By Hannah Berman

Roseanne Barr is not my favorite human being. Years back, she was denounced for exhibiting crass behavior at a ballgame and she has made more than one disgusting comment about Jews. Although a Jew herself, she has not always been a fan of Jews. This should come as no surprise because her parents kept their Jewish heritage secret from their neighbors and were partially involved in a church. These are people I call self-hating Jews.

Having said all that, Roseanne’s most recent television show had recently become a favorite of mine. Her original television comedy series never appealed to me so I didn’t watch. But with the revival of her show, I decided to tune in because she is an avowed Trump supporter and I wanted to see what she would have to say. I wasn’t disappointed because I laughed out loud at most of the episodes.

Unfortunately, Roseanne is once again in the hot seat. Some comedians tend to put a foot in their mouths, but Roseanne has outdone them all. She put both feet in hers! She tweeted about a black woman resembling someone from Planet of the Apes. The tweet was followed by swift action by ABC. They canceled her show, and news of both the tweet and the cancellation are public knowledge. But Barr wasted no time. She immediately apologized to the woman that she had insulted and to every American. She said that she was not now, nor has she ever been, a racist. That, of course, is debatable.

One day later she gave an explanation for her tweet by claiming that she had taken Ambien that evening and wasn’t herself. Next, the manufacturers of Ambien issued the following disclaimer: Racism is not a known side effect of Ambien. That was both clever and amusing, but, as this writer knows from firsthand experience with Ambien, it isn’t about racism. It’s about uncharacteristic behavior.

Nobody knows for a fact if Roseanne is a racist, but we do know that she goes go out of her way to be funny and, while under the influence of that drug, she may have thought she was doing just that — being funny! Ambien can wreak havoc with the mind. It can make people say and do things they would not normally say or do, and these are not necessarily an indicator of their true feelings.

Seven years ago, I took Ambien to help me sleep. For the first few nights there were no side effects. It was a pleasure because I got more sleep on those nights than I had gotten in months. And then the axe fell.

I awoke on day six, a “Sunday morning,” and was surprised to discover that I had forgotten to put my candlesticks away the evening before, after Shabbos had ended. The day was bright and sunny which also surprised me because the forecast had been for heavy rain. Sunday was the day I attended my Weight Watchers meeting so I quickly dressed, grabbed my handbag, and raced out to the car. As I barreled down Peninsula Boulevard, I noticed people walking into the Young Israel of Woodmere, which is where I daven. “Hmm, there must be a b’ris today,” I thought to myself.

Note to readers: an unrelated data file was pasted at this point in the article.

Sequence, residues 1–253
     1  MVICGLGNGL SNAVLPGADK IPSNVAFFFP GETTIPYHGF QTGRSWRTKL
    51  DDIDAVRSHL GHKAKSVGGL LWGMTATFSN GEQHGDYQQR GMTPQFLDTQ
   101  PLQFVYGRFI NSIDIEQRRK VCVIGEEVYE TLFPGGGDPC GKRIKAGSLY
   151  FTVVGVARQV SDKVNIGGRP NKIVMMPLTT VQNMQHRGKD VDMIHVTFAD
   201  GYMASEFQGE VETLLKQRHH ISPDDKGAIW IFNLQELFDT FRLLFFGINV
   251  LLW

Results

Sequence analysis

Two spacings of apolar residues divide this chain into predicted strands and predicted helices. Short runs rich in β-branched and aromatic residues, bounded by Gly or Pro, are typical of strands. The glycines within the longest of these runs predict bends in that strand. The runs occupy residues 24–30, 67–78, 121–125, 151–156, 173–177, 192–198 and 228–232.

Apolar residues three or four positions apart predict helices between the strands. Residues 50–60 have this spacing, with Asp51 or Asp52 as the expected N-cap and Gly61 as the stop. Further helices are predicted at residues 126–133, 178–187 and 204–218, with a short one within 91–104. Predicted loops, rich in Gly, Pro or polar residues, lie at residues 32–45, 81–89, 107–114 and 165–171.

Fifteen minutes later, I arrived in Lynbrook, parked my car, and walked into the Weight Watchers meeting. Once inside, I sensed that something was off. The lecturer was not the woman who lectured every week, it was a male I had never seen before, and the ladies sitting behind the scales at the back of the room were all unfamiliar to me. Additionally, 40–50 people usually attend the meeting, but that day there was twice that number and I didn’t recognize any of them. Clearly, something was wrong but I had no idea what it was. As I stood on a line waiting to step on a scale, I tapped the shoulder of the lady in front of me and asked if this was the eight o’clock Sunday meeting or perhaps the nine o’clock meeting. She chuckled and said that it was the eight o’clock meeting but that it was Saturday, not Sunday.

There was no mirror available to me but my best guess is that I looked like a deer caught in the headlights. I was rooted to the spot, as if frozen, unable to move or to speak. There is no way to describe how I felt, but after a few seconds my reflexes kicked in and I raced out the door. It was a blistering hot August day, the walk back to my house would have taken me hours, and I was not wearing sneakers or walking shoes. Shabbos that day ended well after 9:00 p.m., which was more than 13 hours later. The meeting was held in a building that closes its doors at noon, and there I was with nowhere to go and nothing to do — except maybe faint!

Feeling ill, I got in my car and drove home. When I got to my neighborhood I kept my head down just low enough to still be able to see out the windshield. I knew Hashem understood my predicament. But I wasn’t sure that friends and neighbors would see it the same way if one of them should happen to see me driving. I was positively numb, and to this day I have no idea how I managed to drive.

I couldn’t get into my house fast enough, and as soon as I did, I planted myself on the den couch. I think my eyes were open but there is little doubt that I was actually asleep. It was hours before I was fully awake and able to function. My hope was that none of my children or grandchildren had seen me as I drove down the main street. It was an experience I will never forget.

It was also an experience that tells me that Roseanne may have given an honest explanation for why she tweeted what she did. This is not proof-positive that she isn’t a racist, but it pokes a large hole in the claim made by the drug’s manufacturers. While it is true that racism isn’t a side effect of Ambien, taking it may have caused her to think, say, and do things that she would not have if she had been fully awake. That’s just the way it is.

Hannah Berman lives in Woodmere and gives private small-group lessons in mah-jongg and canasta. She can be reached at Savtahannah@aol.com or 516-295-4435.

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